You can write the mandatory option parameter to an option as a separate
       word on the command line. That means that all the following uses work:

           $ git foo --long-opt=Arg
           $ git foo --long-opt Arg
           $ git foo -oArg
           $ git foo -o Arg

       However, this is NOT allowed for switches with an optional value, where
       the stuck form must be used:

           $ git describe --abbrev HEAD     # correct
           $ git describe --abbrev=10 HEAD  # correct
           $ git describe --abbrev 10 HEAD  # NOT WHAT YOU MEANT

       Many commands that can work on files in the working tree and/or in the
       index can take --cached and/or --index options. Sometimes people
       incorrectly think that, because the index was originally called cache,
       these two are synonyms. They are not -- these two options mean very
       different things.

       o   The --cached option is used to ask a command that usually works on
           files in the working tree to only work with the index. For example,
           git grep, when used without a commit to specify from which commit
           to look for strings in, usually works on files in the working tree,
           but with the --cached option, it looks for strings in the index.

       o   The --index option is used to ask a command that usually works on
           files in the working tree to also affect the index. For example,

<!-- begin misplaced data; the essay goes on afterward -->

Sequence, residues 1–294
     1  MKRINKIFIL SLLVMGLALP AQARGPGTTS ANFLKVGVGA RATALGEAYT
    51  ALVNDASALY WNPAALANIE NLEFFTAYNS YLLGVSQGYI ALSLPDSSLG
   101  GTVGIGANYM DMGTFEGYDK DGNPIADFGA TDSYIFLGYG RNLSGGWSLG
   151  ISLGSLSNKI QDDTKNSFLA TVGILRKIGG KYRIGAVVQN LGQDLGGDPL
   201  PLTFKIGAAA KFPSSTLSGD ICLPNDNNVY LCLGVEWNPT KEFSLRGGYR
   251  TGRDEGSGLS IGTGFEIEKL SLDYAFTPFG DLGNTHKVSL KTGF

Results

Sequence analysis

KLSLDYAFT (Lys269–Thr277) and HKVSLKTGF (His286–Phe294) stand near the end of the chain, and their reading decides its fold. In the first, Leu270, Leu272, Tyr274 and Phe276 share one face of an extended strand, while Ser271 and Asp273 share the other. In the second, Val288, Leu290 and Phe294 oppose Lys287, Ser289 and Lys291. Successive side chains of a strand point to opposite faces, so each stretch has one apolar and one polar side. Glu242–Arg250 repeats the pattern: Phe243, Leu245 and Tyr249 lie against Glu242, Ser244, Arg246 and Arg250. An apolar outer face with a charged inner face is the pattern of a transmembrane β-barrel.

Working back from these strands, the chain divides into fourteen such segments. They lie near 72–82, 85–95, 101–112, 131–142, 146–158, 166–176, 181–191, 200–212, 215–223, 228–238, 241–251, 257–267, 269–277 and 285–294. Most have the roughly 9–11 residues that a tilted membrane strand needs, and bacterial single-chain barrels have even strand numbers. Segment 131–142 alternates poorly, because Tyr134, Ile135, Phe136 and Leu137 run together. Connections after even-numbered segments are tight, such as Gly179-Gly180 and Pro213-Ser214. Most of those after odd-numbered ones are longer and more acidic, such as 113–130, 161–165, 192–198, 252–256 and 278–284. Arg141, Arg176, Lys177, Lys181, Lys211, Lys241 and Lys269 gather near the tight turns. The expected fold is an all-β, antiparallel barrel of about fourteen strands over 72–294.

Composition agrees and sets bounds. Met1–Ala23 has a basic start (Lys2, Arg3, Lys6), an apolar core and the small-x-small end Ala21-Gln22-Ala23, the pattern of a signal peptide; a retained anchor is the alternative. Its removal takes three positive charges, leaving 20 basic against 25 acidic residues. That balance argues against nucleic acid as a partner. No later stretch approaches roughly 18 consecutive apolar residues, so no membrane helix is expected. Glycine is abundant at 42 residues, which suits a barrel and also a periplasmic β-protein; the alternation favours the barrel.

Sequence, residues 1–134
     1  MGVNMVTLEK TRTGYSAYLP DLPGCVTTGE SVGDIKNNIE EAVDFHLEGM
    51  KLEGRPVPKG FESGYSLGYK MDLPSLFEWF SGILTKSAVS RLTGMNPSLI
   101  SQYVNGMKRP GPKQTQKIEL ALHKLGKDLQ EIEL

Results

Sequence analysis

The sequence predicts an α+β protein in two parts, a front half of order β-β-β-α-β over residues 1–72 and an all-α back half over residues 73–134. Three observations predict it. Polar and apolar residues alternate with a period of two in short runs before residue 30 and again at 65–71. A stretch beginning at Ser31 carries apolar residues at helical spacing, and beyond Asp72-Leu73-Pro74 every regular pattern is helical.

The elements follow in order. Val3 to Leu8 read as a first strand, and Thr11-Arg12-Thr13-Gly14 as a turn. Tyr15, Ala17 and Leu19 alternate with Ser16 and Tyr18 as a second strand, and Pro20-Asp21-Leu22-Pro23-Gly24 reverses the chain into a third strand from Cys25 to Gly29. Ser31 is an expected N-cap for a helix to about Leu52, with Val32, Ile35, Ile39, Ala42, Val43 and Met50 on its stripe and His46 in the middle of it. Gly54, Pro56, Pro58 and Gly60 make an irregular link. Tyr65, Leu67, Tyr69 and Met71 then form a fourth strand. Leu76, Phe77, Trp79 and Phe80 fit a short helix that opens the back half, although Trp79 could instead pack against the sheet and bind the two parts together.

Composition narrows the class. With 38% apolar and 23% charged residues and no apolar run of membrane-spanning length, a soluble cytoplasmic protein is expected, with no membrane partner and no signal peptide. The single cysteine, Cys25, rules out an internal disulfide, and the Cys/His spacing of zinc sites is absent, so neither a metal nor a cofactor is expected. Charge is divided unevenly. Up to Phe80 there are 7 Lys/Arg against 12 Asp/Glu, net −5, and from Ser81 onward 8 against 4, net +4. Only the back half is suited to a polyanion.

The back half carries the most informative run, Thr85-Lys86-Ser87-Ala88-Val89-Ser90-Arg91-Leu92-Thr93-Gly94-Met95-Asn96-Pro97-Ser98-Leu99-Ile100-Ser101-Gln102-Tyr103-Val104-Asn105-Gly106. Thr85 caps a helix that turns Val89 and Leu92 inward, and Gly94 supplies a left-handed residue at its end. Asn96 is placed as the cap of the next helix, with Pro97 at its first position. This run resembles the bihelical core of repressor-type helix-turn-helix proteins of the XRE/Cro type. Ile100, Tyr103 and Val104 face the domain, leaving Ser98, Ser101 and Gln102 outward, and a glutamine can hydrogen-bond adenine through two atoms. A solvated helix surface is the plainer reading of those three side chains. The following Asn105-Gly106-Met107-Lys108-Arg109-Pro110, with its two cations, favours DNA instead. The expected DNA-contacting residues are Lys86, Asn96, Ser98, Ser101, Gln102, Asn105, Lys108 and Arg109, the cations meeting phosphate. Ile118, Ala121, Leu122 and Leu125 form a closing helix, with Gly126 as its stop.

git stash apply usually merges changes recorded in a stash entry to
           the working tree, but with the --index option, it also merges
           changes to the index as well.

       git apply command can be used with --cached and --index (but not at the
       same time). Usually the command only affects the files in the working
       tree, but with --index, it patches both the files and their index
       entries, and with --cached, it modifies only the index entries.

       See also
       for further information.

       Some other commands that also work on files in the working tree and/or
       in the index can take --staged and/or --worktree.

       o   --staged is exactly like --cached, which is used to ask a command
           to only work on the index, not the working tree.

       o   --worktree is the opposite, to ask a command to work on the working
           tree only, not the index.

       o   The two options can be specified together to ask a command to work
           on both the index and the working tree.

       Part of the git(1) suite

Git 2.36.0                        04/17/2022                         GITCLI(7)